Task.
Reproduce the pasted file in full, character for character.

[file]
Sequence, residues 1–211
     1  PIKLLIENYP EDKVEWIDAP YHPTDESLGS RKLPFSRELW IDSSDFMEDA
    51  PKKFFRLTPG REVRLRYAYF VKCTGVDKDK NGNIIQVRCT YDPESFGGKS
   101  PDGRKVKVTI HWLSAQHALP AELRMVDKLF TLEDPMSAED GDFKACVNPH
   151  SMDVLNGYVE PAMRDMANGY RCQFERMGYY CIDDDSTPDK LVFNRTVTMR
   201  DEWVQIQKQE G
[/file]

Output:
Sequence, residues 1–211
     1  PIKLLIENYP EDKVEWIDAP YHPTDESLGS RKLPFSRELW IDSSDFMEDA
    51  PKKFFRLTPG REVRLRYAYF VKCTGVDKDK NGNIIQVRCT YDPESFGGKS
   101  PDGRKVKVTI HWLSAQHALP AELRMVDKLF TLEDPMSAED GDFKACVNPH
   151  SMDVLNGYVE PAMRDMANGY RCQFERMGYY CIDDDSTPDK LVFNRTVTMR
   201  DEWVQIQKQE G